Inflammation SOS

Treating inflammatory skin conditions

Being able to recognize skin condition such as acne, rosoacea, psoriasis and dermatitis is an essential skill for estheticians. However, in order to help treat and soothe these conditions, a skilled esthetician must also understand the root cause of these conditions. For example, acne and Psoriasis are inflammatory conditions. Topical products can provide temporary relief, but educating clients regarding a non-inflammatory diet will create lasting and profound effects. Advise clients to avoid nightshades such as tomatoes, potatoes and eggplant, as these will cause inflammation. Undeniably, genetics play an important part in overall skin conditions; symptoms can either be triggered or alleviated by altering one’s lifestyle.


Acne is a disorder that affects approximately 85 percent of Americans between the ages of 12 and 24. It is recognized by the American Academy of Dermatology as the most commonly treated skin problem. Although millions of teenagers suffer from acne, adult clients with acne are on the rise. This fact may be attributed to the stress of our modern lifestyles and diets full of highly processed foods lacking in necessary nutrients.

Genetics play an important part in overall skin conditions.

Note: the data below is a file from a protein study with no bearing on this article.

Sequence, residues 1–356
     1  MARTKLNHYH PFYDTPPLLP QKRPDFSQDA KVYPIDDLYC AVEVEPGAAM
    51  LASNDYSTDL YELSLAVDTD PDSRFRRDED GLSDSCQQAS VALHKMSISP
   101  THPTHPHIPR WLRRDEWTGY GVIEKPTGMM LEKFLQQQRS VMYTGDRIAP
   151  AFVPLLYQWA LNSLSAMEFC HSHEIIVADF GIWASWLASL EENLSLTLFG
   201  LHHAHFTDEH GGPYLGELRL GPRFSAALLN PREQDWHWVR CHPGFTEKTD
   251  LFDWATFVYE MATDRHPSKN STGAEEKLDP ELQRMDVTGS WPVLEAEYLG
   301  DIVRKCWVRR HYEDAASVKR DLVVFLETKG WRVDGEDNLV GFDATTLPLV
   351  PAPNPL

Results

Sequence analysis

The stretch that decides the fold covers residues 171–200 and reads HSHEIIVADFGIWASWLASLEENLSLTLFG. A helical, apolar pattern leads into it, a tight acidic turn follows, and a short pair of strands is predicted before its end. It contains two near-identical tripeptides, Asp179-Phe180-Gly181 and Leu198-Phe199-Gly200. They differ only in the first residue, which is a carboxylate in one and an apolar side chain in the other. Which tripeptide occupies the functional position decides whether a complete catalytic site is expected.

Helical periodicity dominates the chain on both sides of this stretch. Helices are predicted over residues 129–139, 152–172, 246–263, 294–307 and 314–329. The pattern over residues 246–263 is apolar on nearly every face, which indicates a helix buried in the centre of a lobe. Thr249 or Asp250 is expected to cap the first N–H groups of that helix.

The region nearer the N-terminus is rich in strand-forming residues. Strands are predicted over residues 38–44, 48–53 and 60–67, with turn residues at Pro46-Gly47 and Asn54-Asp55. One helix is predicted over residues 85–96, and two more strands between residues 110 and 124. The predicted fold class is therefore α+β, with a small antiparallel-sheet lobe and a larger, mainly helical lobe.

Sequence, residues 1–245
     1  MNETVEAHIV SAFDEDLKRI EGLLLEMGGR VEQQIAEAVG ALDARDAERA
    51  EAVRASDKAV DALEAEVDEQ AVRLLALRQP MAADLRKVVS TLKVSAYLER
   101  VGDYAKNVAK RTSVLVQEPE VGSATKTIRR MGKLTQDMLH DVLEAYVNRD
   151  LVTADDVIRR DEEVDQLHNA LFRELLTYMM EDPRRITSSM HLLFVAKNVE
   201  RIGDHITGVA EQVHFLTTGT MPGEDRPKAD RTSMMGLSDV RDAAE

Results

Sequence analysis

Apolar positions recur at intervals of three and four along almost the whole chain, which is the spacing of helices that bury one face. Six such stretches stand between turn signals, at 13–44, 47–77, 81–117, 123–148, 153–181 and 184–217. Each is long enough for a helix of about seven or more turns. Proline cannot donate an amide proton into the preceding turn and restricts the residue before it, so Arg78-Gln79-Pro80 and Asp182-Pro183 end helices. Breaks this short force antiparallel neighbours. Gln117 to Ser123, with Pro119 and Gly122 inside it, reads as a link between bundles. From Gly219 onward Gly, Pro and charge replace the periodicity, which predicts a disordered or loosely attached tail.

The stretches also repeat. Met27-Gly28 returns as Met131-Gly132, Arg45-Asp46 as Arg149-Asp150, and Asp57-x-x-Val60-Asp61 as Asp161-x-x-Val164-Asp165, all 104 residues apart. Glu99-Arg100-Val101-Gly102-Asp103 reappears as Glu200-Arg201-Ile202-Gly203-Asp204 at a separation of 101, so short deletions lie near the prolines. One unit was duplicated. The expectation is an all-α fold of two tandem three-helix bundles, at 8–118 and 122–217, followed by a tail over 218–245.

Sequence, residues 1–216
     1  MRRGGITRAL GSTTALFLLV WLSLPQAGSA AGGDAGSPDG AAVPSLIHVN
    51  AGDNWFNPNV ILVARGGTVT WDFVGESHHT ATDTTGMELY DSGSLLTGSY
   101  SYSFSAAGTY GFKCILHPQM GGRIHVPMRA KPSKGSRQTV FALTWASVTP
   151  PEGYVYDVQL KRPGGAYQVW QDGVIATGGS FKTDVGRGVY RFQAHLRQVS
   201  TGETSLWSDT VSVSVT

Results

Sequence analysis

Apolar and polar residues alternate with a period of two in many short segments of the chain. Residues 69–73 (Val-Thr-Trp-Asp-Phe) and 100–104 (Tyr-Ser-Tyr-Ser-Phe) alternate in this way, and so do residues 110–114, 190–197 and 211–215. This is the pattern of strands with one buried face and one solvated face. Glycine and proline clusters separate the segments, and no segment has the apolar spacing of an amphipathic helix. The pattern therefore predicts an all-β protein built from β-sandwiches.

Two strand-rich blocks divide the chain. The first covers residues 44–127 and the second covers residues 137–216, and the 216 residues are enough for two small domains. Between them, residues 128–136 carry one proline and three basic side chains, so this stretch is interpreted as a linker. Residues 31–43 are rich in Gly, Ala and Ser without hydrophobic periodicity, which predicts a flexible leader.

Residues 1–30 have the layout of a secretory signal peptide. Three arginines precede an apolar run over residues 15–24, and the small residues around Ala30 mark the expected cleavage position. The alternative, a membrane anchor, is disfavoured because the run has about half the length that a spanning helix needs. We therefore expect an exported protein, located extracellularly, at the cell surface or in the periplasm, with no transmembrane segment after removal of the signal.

Acne can be classified into four grades (I, II, III, and IV), depending on the number and severity of lesions. Grade one is considered the least severe, and is often called acne simplex. The scale runs through grade four, the most severe case, which developes deeper cystic and nodular lesions. Not only does the condition affect the client’s outward appearance, but also can have a devastating effect on self-confidence. Grade four clients should be referred to a dermatologist.
Types causes of acne include but are not limited to: hormonal, inflammatory, cystic, and bacterial. Contributing factors include:

  • genetics
  • oily skin
  • allergies
  • comedogenic cosmetics
  • candida
  • exposure to pollutants
  • medication

It is not uncommon for dermatologists to prescribe oral medication to treat acne. Although these drugs may treat the problem, there are many negative side effects. Antibiotics deplete the body of both beneficial and harmful bacteria. Clients need to be reminded to replenish essential bacteria with probiotics to maintain healthy intestinal flora when using antibiotics. Tetracycline-type drugs cause the skin to become photosensitive, which can promote hyperpigmentation. Instead, try colloidal silver, a natural antibiotic (found in many health food stores). Colloidal silver can either be taken internally or applied topically to the affected area.

It is essential for clients with acne to increase their cellular turnover. Frequently, the cells of the stratum corneum (the outer most layer of the skin) do not shed fast enough, creating a buildup of surface cells, which trap oil and bacteria. Look for products containing alpha hydroxy acids, azelaic acid and retinol, as these components give the desquamation process a boost.